The Playground

The Simply Music blog

Learn I Dreamed A Dream

Found in: Tutorials

i_dreamed_a_dream-cover-230It was a tribute to the life-changing power of music (as well as the wonders of the internet) when the world was charmed by the story and the voice of Susan Boyle when she sang “I Dreamed a Dream” on Britain’s Got Talent and showed us that everyday people can genuinely offer the world surprising and wonderful gifts. Of course, it helps to have a fabulous voice, but the rest of us can still find great joy in playing this powerful song as a simple Accompaniment.

When buying sheet music for this song, I recommend you choose the version with Artist listed as Les Miserables and format Piano/Vocal/Guitar. This format is very versatile and can be used as a reading-based piano arrangement, a lead sheet you can use to create your own arrangement, and an accompaniment which allows others to sing or play the melody on another instrument.

With our printable sheet music you can change the key to fit your voice, but if you don’t need to, keep it in the original key (three flats). That way you could even play along with a recording of Susan. If you don’t even know what a key is, no problem – using our Accompaniment strategies, you don’t need to know about key signatures at all.

We’ll see that this song is just a small number of related chords, with a LH that travels downward.

Starting from where the singing begins, our first chord is an Eb Major, which you’ll know from your lessons is an upside down triangle shape. Play it slowly with a 1:2 ratio.

Next chord is the same in the RH, but the LH comes down to D. We know this by the slash symbol. Remember not to get confused – the LH note is written to the right of the slash. It comes down again to a C, but now the RH has changed to a C minor. If you don’t know how to make a C minor, here’s how: play a normal C Major, then move the middle note down a half step to the black key. You’ll see it’s a triangle shape. Very simple.

But there’s an even handier trick in this instance: if you get the Eb Major chord, and move the top note (Bb) up to C, you’ll be playing another version of the C minor chord. You only have to move one note! That’s extra handy when you see the next chord is back to the Eb Major. How can this different-looking chord still be C minor? It’s what’s known as an inversion of the chord, but again, you don’t need to know that, just know that it’s okay.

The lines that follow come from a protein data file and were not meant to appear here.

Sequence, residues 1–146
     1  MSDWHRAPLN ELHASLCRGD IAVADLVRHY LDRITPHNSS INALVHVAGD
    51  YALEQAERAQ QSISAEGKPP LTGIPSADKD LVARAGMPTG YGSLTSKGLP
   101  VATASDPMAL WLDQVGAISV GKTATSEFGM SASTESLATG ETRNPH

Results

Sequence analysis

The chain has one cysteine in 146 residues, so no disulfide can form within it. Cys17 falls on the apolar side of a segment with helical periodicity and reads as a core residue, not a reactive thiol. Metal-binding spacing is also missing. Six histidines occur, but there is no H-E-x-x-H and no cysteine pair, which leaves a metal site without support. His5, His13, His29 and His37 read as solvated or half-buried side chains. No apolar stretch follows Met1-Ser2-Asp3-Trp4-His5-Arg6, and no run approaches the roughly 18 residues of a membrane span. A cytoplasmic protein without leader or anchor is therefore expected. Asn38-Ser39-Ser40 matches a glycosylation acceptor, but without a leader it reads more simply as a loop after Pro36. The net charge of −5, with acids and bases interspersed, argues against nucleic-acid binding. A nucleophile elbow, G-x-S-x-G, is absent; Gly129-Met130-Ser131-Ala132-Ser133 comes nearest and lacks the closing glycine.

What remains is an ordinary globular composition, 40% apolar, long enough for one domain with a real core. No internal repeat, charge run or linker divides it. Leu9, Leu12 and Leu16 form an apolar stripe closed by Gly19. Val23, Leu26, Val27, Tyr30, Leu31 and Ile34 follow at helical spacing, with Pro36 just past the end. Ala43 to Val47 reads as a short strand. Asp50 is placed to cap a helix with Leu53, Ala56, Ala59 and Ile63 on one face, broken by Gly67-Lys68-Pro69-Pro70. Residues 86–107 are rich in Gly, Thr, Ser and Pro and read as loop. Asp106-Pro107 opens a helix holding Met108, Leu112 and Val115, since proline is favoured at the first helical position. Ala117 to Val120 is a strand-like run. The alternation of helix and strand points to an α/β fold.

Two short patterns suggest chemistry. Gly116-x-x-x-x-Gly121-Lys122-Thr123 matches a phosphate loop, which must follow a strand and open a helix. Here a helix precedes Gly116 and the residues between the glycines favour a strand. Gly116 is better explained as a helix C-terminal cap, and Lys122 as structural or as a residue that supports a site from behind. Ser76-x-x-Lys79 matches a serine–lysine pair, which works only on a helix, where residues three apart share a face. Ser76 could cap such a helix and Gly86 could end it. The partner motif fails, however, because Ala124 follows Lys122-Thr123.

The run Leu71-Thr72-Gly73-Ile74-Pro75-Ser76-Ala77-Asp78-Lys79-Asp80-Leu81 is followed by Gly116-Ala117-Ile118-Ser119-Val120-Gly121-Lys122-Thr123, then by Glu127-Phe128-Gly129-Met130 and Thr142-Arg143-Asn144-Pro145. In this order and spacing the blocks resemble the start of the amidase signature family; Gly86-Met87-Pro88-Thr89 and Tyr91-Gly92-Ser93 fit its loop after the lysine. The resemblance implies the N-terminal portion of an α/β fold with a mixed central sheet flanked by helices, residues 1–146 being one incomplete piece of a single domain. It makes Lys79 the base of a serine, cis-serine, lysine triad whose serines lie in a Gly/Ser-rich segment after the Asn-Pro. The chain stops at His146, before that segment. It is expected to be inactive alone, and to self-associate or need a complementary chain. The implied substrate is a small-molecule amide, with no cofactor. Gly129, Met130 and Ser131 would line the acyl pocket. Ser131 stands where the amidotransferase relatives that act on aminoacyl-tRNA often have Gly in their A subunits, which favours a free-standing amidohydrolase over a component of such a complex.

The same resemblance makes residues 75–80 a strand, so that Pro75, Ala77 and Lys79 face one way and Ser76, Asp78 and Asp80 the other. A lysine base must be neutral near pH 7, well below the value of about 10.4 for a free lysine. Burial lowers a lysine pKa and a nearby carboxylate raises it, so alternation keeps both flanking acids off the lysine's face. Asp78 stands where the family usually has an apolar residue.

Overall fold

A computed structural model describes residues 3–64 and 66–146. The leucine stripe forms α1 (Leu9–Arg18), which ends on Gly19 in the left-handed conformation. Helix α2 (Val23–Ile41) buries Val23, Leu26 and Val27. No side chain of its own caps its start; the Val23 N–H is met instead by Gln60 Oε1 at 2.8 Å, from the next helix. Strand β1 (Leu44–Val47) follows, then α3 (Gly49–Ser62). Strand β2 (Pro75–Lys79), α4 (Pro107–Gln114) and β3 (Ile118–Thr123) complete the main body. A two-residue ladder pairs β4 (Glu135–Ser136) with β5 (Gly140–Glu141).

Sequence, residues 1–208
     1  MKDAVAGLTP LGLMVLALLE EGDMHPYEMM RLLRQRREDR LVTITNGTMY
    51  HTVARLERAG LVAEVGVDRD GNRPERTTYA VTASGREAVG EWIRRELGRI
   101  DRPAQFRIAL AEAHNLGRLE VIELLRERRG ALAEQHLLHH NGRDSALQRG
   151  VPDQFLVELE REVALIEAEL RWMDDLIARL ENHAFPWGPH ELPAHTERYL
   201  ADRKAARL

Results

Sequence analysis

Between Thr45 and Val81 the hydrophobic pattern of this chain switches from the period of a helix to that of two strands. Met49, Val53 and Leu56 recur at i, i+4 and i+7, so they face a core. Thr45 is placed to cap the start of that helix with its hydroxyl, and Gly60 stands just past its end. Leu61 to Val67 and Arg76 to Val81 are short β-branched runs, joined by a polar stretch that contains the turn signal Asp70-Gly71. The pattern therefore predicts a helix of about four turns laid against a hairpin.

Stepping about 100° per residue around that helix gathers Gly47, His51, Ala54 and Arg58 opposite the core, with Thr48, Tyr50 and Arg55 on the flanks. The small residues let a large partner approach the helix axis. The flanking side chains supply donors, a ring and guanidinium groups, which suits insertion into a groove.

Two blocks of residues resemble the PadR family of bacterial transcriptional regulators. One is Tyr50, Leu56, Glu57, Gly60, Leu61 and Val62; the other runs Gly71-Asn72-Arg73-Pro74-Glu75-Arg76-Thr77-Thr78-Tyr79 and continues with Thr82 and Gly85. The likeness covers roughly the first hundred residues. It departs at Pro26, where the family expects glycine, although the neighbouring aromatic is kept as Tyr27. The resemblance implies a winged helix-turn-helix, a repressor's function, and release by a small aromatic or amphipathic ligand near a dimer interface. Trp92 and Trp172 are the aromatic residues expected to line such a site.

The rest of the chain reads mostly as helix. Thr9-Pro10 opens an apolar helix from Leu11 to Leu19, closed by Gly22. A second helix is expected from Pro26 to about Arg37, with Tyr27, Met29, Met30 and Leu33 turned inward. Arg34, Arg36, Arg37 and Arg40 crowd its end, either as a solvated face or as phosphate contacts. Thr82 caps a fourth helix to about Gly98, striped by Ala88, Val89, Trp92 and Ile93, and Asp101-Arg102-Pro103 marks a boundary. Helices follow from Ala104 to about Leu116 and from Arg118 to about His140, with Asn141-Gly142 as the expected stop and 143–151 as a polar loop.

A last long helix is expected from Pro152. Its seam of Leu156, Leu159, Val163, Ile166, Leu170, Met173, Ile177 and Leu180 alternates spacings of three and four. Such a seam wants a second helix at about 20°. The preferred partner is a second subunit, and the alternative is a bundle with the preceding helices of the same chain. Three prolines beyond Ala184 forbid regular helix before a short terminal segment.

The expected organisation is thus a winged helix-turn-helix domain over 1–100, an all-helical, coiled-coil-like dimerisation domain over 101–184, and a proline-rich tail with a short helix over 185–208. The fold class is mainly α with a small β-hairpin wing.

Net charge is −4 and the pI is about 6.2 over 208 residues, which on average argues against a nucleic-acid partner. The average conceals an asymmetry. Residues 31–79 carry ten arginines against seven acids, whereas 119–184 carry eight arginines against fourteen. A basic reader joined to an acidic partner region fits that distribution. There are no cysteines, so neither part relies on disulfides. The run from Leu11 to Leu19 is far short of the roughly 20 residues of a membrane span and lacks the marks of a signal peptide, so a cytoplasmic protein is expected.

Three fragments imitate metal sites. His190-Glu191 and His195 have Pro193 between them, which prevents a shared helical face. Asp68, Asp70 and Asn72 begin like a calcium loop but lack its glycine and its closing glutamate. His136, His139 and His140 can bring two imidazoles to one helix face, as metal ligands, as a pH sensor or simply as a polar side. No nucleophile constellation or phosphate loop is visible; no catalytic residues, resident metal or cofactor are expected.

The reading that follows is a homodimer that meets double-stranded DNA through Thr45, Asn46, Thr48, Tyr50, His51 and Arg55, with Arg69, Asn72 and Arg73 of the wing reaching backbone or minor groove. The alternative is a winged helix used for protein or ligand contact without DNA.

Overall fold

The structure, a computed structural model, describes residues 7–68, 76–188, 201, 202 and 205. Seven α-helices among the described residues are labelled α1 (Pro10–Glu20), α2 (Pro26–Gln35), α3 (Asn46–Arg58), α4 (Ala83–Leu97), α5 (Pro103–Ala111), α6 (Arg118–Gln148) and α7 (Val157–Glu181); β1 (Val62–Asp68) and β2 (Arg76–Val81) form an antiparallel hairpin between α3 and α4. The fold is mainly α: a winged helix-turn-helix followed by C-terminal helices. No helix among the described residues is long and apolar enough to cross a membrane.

Next chord is an Ab Major, another upside down triangle, then, like earlier, we stay there in the RH while the LH continues its downward path.

Now for another handy trick: the next chord (F minor 7) is a little more advanced, but if you just keep the RH right there on the Ab Major and move the LH down to F, guess what? You’re playing F minor 7! How can this be? Again, just know that it’s correct. The theory can come later.

Next chord is Bb Major, a curve shape (as an Australian, I see this as a boomerang shape). The LH has finally finished its descent, and comes up to Bb. Then we’re simply back to the beginning again, and repeating the process.

This time, there are a couple of small changes to the chords. The first chord on page 2 is C minor 7 instead of C minor, but this is actually easier! Just like our F minor 7, if we keep the existing chord in the RH and just move the LH, we magically have the correct chord. The cycle repeats again with no change until the last line of page 2, where you have a Bb6 chord. If you’ve already learned how to find a 6th chord, great, but otherwise a plain Bb major will do fine.

Line 2 of page 3 introduces a brief different passage. The LH doesn’t have quite the same clear descending pattern, but you can still spend some useful time uncovering the path it takes, and distinguishing it as a pattern. This section includes an F minor. Like C minor, and Eb minor a little further on, you can find it by playing the Major and bringing the middle note down a half step. Then there is C7, which, if you don’t already know, you can find by moving the bottom note down a whole step.

The last two pages are in a new key, which turns out to mean simply that you’re playing the same sequence of chords a whole step higher, and the same tricks apply. For the second last chord, C9, just play C7 and add a D with finger 2.

Make sure you sing while you play. Have fun!